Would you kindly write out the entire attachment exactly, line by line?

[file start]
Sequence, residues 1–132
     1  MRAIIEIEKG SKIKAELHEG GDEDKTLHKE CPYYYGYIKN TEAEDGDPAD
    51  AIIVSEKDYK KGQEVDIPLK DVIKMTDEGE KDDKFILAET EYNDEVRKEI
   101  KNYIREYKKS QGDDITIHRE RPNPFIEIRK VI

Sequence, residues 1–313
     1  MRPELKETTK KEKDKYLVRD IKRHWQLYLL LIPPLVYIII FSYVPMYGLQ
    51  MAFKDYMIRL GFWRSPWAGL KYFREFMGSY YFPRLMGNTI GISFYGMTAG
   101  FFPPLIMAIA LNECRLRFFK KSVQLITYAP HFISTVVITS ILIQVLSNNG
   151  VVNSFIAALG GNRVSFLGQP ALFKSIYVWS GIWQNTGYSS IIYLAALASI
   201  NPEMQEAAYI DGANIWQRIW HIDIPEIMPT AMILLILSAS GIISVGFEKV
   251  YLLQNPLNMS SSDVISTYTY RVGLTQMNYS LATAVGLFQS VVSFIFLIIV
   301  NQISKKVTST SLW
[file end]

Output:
Sequence, residues 1–132
     1  MRAIIEIEKG SKIKAELHEG GDEDKTLHKE CPYYYGYIKN TEAEDGDPAD
    51  AIIVSEKDYK KGQEVDIPLK DVIKMTDEGE KDDKFILAET EYNDEVRKEI
   101  KNYIREYKKS QGDDITIHRE RPNPFIEIRK VI

Sequence, residues 1–313
     1  MRPELKETTK KEKDKYLVRD IKRHWQLYLL LIPPLVYIII FSYVPMYGLQ
    51  MAFKDYMIRL GFWRSPWAGL KYFREFMGSY YFPRLMGNTI GISFYGMTAG
   101  FFPPLIMAIA LNECRLRFFK KSVQLITYAP HFISTVVITS ILIQVLSNNG
   151  VVNSFIAALG GNRVSFLGQP ALFKSIYVWS GIWQNTGYSS IIYLAALASI
   201  NPEMQEAAYI DGANIWQRIW HIDIPEIMPT AMILLILSAS GIISVGFEKV
   251  YLLQNPLNMS SSDVISTYTY RVGLTQMNYS LATAVGLFQS VVSFIFLIIV
   301  NQISKKVTST SLW